The Mongolia Red Cross in cooperation with the International Federation is currently in dialogue with its international partners, especially sister Red Cross National Societies, to encourage them to provide longer-term support to the National Society. This dialogue has involved the previously mentioned external review of development and emergency assistance, extensive consultation with all partners during and after the review, a follow up visit from the external reviewer to facilitate a strategic planning workshop, a partnership meeting involving all partners to find a joint way forward.

Meanwhile the current emergency appeal (2003) has incorporated capacity building initiatives aimed at strengthening the capacity of the National Society to mobilise communities to implement risk reduction, and prevention activities and/or post-disaster recovery initiatives at the grassroots level.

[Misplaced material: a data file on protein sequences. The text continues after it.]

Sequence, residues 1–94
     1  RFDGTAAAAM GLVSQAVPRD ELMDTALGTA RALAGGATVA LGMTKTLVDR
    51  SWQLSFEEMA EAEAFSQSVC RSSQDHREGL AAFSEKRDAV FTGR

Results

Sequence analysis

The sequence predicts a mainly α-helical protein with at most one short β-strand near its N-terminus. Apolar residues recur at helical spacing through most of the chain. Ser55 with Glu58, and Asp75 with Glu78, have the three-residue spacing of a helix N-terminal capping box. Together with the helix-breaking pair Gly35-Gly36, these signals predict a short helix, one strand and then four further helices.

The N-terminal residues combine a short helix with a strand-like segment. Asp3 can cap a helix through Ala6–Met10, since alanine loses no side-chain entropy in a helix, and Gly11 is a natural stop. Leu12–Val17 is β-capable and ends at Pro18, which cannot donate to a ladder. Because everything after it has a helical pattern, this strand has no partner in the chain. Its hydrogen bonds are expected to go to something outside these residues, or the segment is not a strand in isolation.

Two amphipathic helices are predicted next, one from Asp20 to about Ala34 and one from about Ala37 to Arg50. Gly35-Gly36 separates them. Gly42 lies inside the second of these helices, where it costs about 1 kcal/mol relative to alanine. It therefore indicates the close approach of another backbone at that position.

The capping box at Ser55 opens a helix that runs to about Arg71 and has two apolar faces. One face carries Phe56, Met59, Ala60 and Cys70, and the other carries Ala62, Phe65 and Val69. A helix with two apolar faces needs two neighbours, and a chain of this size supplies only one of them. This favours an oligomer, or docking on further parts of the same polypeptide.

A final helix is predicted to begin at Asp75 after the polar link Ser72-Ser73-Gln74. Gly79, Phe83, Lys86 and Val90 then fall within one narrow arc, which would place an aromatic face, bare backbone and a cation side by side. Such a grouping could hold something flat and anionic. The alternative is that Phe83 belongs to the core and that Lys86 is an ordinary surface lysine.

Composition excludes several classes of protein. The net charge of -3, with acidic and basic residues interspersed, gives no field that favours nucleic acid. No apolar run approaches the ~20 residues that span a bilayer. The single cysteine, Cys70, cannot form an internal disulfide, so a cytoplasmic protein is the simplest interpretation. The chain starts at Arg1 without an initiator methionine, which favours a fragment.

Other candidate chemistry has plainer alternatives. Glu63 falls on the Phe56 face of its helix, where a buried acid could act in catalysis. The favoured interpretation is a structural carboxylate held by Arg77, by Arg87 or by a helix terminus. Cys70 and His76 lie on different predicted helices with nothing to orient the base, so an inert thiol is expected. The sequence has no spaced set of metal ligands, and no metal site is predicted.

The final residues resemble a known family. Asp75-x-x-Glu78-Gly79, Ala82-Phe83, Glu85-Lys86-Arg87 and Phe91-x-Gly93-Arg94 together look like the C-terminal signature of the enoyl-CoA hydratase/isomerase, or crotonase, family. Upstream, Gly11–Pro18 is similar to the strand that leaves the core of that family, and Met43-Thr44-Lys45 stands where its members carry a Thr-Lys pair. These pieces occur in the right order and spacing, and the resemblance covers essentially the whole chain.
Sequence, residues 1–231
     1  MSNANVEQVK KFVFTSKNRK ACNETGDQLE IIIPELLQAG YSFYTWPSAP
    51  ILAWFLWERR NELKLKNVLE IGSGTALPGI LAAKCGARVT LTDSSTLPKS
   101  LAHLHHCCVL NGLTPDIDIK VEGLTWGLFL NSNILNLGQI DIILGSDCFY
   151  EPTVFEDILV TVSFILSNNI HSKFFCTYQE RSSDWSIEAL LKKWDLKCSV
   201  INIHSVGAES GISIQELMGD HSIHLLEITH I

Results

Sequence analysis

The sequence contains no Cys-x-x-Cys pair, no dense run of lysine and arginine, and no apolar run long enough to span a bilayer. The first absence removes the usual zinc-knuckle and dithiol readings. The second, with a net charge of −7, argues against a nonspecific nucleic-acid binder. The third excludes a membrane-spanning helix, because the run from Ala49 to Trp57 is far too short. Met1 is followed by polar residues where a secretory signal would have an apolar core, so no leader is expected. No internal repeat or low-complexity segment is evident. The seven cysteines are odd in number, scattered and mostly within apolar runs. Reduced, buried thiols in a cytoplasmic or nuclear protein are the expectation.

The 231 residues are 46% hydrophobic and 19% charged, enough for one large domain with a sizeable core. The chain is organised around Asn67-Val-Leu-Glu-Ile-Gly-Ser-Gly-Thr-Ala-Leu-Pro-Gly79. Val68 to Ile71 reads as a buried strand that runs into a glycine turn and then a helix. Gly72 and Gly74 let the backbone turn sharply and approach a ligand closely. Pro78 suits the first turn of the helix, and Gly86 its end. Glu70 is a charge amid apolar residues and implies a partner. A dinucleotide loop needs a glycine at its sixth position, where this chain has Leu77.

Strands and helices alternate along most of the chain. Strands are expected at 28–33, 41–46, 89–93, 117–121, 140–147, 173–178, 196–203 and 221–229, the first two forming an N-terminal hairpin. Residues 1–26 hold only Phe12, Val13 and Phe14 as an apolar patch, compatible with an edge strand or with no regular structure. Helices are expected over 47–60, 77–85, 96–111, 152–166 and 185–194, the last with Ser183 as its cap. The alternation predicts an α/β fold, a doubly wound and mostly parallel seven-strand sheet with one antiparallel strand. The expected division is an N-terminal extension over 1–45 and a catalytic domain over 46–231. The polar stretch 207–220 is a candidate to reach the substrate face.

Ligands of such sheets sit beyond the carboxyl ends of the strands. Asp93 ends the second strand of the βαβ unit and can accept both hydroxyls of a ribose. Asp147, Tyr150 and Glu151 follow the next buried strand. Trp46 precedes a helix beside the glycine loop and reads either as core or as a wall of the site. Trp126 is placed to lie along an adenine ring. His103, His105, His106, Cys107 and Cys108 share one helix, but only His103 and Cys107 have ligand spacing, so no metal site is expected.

Balance of funds

A closing balance of 45,626 CHF is shown in the financial annex to this report. The Federation Secretariat is currently in dialogue with donors regarding the reallocation of these funds - part of which will be utilised to implement the accepted/prioritised review recommendations. The National Society and the delegation is currently negotiating the VAT refund for the operation, which may total USD15,000. If this refund materialises, it will be allocated to the National Society Development Programme.

Section 1: 2000-01 Relief Operation

The Disaster

For the first time in living memory, Mongolia was struck by two consecutive dzuds (in 1999-2000 and 2000-2001).